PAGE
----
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EMEA companies' cash piles exceed USD1 trillion

Publication Date: 23 Jul 2018 - By ReachX Team By ReachX Team
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Corporate cash piles at Europe, Middle East and Africa’s (EMEA) non-financial companies topped $1 trillion for the second consecutive year in 2017, despite their net M&A spending jumping to a seven-year high, according to new research. 

Ratings agency Moody’s said it has come to the conclusion upon examining the cash holdings of 757 the companies it rates in EMEA, as well as the sources and uses of this cash. However, exchange rate gyrations contributed to a slip in cash balances in euro-terms to €941bn from €974bn at end-2016.

"EMEA companies' total cash balances have grown in all but one year since 2011, partly due to organic growth and despite their net M&A spending nearly tripling to a seven-year high of €80bn in 2017 from €29bn in 2016," said Richard Morawetz, Group Credit Officer for the Credit Strategy and Standards Group at Moody’s.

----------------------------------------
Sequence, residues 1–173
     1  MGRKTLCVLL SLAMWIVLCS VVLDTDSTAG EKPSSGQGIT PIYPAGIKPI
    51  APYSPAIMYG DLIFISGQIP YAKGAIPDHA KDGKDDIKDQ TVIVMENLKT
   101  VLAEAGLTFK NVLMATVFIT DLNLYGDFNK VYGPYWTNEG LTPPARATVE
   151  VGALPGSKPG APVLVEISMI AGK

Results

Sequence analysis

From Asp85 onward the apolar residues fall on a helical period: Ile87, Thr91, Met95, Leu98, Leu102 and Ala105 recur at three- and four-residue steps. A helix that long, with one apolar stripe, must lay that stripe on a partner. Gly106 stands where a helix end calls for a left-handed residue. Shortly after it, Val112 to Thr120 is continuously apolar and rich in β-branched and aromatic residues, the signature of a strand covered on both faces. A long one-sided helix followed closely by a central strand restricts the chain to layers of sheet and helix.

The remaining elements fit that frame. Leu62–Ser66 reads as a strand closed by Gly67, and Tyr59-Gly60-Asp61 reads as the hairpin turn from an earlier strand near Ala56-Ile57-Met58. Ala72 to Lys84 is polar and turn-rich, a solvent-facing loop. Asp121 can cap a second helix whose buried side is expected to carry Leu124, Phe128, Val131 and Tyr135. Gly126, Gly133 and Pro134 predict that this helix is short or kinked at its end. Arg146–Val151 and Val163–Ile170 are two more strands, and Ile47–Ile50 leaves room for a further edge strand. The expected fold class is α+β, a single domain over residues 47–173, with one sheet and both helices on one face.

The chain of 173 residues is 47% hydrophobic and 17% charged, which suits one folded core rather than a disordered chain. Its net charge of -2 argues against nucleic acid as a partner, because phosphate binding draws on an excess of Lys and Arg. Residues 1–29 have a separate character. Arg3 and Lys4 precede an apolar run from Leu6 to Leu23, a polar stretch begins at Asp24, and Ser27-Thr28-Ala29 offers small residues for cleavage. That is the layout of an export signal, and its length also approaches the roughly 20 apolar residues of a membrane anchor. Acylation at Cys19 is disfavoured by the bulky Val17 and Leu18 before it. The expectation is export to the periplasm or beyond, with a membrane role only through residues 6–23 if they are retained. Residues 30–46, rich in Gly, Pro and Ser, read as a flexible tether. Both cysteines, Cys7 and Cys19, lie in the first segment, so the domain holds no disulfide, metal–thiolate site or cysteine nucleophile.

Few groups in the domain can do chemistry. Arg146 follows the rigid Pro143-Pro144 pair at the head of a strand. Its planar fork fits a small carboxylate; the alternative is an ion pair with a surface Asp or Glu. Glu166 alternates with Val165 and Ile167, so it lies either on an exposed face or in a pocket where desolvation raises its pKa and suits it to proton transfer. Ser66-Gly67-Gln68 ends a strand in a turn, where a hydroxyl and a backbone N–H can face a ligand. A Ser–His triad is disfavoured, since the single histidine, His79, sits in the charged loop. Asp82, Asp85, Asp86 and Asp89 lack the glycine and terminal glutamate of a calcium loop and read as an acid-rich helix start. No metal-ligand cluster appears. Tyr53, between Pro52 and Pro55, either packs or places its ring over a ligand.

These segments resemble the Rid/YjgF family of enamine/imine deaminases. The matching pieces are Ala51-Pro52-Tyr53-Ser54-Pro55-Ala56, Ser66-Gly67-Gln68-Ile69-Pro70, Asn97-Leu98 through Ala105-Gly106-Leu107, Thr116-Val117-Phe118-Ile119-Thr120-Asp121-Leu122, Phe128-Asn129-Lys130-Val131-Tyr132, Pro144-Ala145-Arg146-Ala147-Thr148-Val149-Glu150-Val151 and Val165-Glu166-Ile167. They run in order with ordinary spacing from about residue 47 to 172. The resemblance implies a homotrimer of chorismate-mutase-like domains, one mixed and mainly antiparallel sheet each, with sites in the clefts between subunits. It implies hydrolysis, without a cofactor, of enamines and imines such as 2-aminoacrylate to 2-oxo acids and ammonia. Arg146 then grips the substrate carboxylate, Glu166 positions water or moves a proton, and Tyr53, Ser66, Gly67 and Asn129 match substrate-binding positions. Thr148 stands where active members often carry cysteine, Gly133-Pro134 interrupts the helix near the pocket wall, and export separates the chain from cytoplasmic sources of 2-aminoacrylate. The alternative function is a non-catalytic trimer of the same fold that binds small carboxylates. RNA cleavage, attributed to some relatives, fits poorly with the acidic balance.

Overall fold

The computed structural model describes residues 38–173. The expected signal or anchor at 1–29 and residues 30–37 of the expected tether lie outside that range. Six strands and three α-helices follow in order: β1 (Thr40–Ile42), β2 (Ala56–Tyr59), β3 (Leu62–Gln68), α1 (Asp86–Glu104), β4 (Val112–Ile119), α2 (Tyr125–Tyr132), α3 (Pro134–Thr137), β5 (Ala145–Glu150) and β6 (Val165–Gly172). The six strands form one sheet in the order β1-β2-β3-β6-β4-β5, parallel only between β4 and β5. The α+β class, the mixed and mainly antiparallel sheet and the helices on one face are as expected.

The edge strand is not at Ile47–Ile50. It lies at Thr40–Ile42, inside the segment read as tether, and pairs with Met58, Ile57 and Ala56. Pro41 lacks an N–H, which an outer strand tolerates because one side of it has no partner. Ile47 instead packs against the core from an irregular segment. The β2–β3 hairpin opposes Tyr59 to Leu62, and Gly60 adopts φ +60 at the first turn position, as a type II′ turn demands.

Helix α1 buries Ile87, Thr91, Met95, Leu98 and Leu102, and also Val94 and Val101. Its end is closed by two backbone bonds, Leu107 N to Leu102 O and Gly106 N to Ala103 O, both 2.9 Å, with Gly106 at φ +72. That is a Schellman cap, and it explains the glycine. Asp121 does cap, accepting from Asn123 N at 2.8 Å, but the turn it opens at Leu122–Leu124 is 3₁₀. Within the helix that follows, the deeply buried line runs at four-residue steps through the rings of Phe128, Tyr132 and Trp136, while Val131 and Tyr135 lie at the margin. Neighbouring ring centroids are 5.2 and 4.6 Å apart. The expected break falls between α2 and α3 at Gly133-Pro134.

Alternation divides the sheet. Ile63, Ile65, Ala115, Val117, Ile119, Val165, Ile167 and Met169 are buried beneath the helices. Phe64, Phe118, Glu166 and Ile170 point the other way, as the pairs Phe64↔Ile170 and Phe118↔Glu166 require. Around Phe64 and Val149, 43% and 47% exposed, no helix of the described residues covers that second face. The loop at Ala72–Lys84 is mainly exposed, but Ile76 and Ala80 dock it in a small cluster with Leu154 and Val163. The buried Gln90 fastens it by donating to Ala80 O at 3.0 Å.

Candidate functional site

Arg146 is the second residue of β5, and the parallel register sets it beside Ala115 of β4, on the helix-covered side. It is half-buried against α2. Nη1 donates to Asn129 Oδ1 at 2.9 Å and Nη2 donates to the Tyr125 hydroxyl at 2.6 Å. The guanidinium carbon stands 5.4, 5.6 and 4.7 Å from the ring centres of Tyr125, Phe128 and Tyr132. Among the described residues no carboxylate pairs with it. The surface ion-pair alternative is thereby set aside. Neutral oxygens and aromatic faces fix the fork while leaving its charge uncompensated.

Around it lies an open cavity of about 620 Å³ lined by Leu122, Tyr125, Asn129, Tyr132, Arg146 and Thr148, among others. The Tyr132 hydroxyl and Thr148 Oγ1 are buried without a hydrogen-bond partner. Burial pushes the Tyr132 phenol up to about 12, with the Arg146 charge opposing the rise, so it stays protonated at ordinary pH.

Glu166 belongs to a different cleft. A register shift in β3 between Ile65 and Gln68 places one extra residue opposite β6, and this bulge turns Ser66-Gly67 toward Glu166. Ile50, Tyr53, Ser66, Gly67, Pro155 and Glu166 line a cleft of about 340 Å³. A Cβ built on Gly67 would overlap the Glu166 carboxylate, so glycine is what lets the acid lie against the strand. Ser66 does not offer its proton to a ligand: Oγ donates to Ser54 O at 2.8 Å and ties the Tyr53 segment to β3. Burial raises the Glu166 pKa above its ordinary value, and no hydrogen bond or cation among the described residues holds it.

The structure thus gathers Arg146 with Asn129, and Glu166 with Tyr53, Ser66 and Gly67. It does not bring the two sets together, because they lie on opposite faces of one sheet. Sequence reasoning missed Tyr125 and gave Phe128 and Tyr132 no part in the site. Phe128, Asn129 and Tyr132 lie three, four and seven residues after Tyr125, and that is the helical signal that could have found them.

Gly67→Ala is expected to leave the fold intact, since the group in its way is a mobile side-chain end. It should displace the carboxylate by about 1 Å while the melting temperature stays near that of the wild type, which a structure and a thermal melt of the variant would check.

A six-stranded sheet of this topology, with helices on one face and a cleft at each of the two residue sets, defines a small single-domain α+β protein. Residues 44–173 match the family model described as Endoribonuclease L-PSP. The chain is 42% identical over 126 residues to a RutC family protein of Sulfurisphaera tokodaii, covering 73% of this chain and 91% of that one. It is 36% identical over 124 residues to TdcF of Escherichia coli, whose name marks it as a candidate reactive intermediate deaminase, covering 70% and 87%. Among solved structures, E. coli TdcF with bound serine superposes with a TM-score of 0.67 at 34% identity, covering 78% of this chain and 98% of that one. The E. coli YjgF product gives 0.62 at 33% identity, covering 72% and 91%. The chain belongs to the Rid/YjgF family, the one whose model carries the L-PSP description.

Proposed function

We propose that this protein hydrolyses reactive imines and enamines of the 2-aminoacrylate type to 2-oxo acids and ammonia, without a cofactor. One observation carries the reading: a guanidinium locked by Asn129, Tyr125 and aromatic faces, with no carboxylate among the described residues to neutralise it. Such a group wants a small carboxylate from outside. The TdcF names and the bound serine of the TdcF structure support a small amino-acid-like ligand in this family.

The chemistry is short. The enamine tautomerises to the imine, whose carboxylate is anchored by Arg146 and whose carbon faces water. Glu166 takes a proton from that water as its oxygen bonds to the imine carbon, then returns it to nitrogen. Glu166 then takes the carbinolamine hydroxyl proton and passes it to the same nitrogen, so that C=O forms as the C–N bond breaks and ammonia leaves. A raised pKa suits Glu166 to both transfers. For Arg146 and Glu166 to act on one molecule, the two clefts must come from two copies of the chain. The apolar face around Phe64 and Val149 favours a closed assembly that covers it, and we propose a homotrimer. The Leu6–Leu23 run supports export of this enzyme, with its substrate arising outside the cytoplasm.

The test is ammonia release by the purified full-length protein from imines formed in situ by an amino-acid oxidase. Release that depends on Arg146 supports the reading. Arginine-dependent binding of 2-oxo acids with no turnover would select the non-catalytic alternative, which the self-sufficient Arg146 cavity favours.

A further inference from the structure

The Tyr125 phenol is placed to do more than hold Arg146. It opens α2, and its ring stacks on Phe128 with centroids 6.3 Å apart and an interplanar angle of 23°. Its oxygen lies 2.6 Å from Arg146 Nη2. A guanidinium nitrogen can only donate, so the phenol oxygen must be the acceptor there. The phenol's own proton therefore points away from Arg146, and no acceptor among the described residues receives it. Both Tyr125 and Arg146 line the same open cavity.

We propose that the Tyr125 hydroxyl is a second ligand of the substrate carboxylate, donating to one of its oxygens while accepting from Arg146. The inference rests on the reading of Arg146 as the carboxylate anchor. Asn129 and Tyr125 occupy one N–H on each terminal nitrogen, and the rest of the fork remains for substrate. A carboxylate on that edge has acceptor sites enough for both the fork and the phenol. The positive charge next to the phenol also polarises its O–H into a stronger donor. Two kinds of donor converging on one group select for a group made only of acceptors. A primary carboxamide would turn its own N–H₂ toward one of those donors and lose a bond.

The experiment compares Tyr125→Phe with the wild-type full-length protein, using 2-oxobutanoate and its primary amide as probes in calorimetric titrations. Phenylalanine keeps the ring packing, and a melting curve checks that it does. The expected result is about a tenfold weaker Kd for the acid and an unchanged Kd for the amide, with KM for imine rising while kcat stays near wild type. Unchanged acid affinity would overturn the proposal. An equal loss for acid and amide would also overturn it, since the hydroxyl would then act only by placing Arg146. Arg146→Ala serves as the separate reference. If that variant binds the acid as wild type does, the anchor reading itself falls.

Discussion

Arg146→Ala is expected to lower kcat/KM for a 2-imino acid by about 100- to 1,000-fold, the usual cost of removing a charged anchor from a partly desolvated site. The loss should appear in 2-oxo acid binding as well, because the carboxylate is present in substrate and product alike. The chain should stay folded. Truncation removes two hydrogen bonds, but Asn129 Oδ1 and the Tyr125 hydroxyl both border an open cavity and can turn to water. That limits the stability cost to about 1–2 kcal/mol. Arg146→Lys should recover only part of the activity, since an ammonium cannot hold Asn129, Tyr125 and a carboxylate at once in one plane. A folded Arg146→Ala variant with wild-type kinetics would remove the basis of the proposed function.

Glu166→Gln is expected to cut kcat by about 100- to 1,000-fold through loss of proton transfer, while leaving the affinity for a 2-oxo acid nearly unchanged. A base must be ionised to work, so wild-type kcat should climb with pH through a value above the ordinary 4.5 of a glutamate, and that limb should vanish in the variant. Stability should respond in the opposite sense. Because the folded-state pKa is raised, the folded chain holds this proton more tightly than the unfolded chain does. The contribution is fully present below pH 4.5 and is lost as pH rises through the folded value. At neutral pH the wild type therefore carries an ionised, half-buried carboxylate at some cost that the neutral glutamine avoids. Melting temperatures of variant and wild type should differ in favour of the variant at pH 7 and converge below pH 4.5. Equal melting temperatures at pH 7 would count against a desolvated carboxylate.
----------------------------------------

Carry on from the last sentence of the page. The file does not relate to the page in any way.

British American Tobacco (Rated as ‘Baa2 stable’ by Moody’s) made the largest M&A spend with its reported debt increasing by £20bn following its acquisition of Reynolds American (Rated ‘Baa2’) in July 2017.

On the sector front, energy is seen holding on to the most cash at €162bn, or 17% of the 2017 total. On an average company basis, the automotive sector has the highest cash balance, reflecting the inclusion of companies such as Volkswagen (A3 stable) and Daimler (A2 stable), which are habitually among the top-10 cash holders in EMEA.

Unlike the US where the top-five cash holders hold about one-third of the total cash, cash concentration of the top 5 in EMEA is significantly lower at around 14%. The cash holdings of the top 10 companies fell to €200bn in 2017 from €214bn in 2016.

Moody’s said cash holdings by ratings category shifted more to investment grade following upgrades, with a notable shift to its ‘Baa’ rated category from the ‘Ba’ category. Investment-grade companies held 82% of the total cash in 2017, representing an annualised 8% hike from 2016.

Companies domiciled in the Netherlands (8%) and Switzerland (4%) had relatively high cash holdings. “However, country of domicile does not necessarily reflect the country of operations, and hence the location of the cash. Both countries are the domicile for some large multinationals,” Moody’s noted.

 

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